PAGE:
Digital Focus: Digital Zoom's Ugly Little Secret
Dave's Favorites: Protect Your Pictures With IWatermark
How paranoid are you? Some people don't mind lending money to that second cousin from out of town who is only seen at family gatherings in the company of a parole officer. I'm not quite that easygoing; I get nervous when someone at the next table in a restaurant asks to borrow my bottle of ketchup. What then of my digital pictures, which can end up anywhere on the Internet after I've posted them to a Web site or sent them to a friend?
How can you protect your pictures? Script Software has an inexpensive ($20) and simple solution: IWatermark.
IWatermark isn't an industrial-strength watermarking program; it probably won't protect you from a determined and clever thief. But the program is good enough for routine security, which should satisfy most folks who don't depend on digital photography for their livelihood.
It's a breeze to use. Just drag a single picture or a folder full of pictures to the IWatermark screen to tell it what images to watermark, then specify the watermark text, like "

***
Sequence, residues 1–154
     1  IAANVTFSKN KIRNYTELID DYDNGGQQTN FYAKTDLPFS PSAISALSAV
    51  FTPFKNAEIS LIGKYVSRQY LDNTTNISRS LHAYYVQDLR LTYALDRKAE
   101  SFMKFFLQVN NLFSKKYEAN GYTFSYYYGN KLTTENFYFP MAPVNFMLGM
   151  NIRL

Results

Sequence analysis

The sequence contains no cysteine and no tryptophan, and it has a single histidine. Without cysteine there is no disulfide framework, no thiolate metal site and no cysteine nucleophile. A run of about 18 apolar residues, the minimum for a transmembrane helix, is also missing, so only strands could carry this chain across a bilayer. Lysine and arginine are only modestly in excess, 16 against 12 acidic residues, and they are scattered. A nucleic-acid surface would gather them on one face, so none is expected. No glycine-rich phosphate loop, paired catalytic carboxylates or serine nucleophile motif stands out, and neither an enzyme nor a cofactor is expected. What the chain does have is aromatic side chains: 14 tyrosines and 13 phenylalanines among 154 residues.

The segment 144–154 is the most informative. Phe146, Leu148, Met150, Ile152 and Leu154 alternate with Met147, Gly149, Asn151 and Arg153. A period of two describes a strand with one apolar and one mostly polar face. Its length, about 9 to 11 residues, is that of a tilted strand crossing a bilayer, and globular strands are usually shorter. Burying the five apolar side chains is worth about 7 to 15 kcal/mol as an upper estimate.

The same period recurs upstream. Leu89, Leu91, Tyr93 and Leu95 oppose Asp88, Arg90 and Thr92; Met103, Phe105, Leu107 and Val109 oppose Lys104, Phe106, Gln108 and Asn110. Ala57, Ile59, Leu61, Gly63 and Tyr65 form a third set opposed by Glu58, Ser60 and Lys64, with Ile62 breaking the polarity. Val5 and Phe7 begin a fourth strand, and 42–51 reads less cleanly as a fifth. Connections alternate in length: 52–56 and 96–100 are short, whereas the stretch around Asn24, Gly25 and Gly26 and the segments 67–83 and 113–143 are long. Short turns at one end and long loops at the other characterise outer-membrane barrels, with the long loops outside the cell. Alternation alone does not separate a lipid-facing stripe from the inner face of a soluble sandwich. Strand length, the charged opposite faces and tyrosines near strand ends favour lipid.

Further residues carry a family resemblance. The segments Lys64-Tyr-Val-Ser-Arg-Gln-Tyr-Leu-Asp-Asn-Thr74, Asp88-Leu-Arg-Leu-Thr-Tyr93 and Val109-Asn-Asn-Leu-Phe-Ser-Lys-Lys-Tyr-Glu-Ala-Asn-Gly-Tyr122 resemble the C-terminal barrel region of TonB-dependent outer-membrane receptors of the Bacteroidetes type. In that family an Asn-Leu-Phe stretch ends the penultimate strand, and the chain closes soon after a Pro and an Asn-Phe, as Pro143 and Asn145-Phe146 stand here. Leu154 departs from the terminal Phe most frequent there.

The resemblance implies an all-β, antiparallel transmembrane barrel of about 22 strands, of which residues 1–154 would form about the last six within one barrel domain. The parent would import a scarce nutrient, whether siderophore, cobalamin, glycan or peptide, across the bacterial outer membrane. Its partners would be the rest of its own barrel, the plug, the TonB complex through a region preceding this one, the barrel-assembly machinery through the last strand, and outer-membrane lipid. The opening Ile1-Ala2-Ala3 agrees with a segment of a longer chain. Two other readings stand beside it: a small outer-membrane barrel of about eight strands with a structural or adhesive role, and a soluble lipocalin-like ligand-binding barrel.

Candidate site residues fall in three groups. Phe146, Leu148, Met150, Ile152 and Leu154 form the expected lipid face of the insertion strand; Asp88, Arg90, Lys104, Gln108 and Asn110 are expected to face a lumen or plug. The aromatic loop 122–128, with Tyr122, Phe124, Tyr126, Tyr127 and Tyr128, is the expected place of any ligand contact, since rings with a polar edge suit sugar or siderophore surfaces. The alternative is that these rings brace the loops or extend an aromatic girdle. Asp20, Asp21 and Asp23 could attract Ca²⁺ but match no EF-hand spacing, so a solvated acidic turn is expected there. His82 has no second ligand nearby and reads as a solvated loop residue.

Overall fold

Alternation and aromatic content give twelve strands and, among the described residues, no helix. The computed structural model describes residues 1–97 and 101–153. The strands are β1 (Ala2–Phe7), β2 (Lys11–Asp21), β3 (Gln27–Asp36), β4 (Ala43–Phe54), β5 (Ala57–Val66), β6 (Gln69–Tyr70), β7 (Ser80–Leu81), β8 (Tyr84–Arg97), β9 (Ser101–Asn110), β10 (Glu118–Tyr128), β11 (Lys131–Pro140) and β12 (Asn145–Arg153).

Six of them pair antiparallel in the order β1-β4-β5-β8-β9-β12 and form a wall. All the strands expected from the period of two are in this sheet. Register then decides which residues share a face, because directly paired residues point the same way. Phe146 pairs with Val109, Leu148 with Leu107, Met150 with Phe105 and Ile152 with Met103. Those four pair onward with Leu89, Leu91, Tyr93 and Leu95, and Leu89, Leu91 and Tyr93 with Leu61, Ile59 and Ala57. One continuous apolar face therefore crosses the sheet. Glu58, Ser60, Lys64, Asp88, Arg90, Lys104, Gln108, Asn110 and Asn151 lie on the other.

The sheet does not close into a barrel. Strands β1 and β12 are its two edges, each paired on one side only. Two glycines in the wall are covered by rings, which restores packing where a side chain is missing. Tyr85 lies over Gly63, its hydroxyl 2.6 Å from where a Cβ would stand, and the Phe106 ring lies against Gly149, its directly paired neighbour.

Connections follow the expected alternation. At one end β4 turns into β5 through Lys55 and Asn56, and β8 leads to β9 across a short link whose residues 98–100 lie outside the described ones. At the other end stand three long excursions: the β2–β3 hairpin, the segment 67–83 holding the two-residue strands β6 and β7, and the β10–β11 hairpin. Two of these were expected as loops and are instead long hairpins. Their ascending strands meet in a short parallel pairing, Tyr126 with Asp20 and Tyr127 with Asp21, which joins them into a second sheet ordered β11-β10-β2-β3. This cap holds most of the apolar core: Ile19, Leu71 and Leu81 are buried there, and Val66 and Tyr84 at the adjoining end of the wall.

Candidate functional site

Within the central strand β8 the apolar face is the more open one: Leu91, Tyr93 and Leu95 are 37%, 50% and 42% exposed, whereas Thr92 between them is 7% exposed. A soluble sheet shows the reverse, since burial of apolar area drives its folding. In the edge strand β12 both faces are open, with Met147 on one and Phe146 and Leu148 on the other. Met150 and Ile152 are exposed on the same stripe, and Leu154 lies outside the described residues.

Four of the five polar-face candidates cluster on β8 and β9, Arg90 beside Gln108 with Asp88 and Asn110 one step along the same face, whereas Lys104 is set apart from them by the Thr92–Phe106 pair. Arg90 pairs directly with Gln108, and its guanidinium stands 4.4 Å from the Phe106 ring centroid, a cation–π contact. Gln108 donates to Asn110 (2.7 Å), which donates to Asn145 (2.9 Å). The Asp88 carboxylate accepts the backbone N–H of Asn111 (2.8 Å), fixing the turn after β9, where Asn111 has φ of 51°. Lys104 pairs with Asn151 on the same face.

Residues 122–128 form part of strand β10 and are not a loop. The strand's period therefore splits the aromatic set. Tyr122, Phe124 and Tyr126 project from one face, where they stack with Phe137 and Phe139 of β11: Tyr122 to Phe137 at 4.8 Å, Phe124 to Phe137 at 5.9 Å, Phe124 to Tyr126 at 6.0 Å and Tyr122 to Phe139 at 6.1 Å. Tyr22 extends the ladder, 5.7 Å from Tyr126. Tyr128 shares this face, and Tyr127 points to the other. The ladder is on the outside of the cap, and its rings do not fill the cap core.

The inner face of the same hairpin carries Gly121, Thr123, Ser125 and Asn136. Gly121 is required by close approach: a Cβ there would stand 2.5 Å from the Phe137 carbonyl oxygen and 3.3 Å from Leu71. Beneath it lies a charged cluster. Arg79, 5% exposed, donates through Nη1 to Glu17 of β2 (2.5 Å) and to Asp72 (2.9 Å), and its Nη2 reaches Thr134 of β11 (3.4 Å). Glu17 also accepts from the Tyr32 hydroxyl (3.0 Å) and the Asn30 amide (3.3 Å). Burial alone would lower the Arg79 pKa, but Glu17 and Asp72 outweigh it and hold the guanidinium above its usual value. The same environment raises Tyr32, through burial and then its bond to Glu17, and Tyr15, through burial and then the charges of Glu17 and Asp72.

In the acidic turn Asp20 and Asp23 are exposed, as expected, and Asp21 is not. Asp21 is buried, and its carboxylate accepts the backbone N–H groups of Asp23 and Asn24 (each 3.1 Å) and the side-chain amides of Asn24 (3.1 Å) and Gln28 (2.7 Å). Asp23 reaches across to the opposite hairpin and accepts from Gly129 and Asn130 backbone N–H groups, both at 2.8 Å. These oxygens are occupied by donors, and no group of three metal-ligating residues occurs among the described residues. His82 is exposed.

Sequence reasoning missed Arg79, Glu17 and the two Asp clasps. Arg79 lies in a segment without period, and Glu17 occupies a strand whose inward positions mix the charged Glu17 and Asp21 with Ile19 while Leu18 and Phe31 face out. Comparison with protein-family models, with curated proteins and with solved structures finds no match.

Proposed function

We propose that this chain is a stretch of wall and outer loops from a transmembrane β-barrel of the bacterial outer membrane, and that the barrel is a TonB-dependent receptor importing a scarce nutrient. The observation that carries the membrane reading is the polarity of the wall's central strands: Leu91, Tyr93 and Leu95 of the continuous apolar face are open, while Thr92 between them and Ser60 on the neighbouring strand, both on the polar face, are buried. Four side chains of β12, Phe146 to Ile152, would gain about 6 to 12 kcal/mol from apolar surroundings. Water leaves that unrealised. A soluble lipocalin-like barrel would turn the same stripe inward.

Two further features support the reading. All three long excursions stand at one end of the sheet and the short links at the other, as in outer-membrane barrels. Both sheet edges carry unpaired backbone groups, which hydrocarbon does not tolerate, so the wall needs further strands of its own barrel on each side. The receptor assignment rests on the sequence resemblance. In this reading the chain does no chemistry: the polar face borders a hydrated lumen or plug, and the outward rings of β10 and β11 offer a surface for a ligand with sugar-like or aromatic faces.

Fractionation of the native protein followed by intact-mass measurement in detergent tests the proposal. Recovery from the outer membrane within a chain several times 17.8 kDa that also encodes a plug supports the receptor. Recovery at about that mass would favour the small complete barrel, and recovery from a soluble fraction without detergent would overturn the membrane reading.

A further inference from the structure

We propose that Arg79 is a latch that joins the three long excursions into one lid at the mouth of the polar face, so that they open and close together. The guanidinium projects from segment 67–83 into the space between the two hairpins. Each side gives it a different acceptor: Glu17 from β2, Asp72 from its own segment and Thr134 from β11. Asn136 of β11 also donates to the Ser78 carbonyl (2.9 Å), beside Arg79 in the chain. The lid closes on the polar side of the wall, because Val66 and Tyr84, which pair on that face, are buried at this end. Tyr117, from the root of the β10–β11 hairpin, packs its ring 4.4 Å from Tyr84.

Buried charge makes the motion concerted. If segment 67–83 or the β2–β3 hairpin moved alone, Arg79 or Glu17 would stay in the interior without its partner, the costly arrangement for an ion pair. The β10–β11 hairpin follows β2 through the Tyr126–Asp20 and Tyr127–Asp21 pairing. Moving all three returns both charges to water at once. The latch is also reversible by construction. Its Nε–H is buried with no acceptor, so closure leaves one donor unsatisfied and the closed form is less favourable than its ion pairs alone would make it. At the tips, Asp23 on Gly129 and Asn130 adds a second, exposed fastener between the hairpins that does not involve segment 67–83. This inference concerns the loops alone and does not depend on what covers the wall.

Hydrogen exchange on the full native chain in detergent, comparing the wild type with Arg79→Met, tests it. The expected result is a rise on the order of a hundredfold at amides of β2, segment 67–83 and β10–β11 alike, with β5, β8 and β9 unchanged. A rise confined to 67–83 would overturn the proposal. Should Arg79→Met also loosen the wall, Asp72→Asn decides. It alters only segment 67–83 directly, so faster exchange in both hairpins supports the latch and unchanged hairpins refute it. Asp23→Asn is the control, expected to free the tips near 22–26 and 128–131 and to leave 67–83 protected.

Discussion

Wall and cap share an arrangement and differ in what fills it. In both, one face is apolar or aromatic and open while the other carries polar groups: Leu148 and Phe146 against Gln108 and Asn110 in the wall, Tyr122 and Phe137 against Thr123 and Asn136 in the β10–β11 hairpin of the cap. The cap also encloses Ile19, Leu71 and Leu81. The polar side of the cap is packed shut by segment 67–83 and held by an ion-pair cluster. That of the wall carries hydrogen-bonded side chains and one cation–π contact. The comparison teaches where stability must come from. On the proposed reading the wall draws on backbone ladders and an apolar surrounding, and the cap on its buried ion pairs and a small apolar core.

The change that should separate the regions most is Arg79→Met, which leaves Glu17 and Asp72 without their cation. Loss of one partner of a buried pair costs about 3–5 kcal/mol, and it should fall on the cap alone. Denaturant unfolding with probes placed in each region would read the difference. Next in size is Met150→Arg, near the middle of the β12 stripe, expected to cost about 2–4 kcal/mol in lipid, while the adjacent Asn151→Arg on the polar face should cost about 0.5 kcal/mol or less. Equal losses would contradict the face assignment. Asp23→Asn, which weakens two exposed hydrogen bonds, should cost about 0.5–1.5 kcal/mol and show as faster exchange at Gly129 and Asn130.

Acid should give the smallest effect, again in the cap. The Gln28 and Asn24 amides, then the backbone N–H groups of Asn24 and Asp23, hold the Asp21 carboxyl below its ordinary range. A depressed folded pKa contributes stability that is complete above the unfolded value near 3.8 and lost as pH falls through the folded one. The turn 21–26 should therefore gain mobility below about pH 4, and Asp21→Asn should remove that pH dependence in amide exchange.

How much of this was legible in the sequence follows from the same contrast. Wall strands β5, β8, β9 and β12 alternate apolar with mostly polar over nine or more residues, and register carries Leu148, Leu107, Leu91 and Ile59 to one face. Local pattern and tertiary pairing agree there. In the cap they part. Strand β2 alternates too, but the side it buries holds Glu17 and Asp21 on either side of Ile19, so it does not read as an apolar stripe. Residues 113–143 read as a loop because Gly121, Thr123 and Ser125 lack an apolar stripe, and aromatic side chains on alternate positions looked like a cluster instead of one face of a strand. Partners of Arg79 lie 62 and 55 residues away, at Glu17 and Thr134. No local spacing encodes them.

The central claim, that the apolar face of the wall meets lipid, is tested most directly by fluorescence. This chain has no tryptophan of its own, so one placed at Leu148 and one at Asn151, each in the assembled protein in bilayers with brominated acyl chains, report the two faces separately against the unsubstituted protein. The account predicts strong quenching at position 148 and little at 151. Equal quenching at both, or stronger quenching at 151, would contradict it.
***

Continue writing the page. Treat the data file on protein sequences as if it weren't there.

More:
I say that IWatermark isn't going to stop a determined thief because unlike some comparable programs, this one doesn't hide any identifying data in the substrata of the image. It's all right on top, where you can see it, erase it with a clone brush, or even crop it away. You can minimize the risk by making the watermark large or even repeating it throughout the image--but those tactics obliterate the aesthetics of your picture.
The good news is that IWatermark painlessly lets you inscribe your pictures with identifying data, and it has enough options to make almost anyone happy with the results. It also features a few other cool tools, like the ability to resize images and create small thumbnail images, all at the same time that it prints the watermark.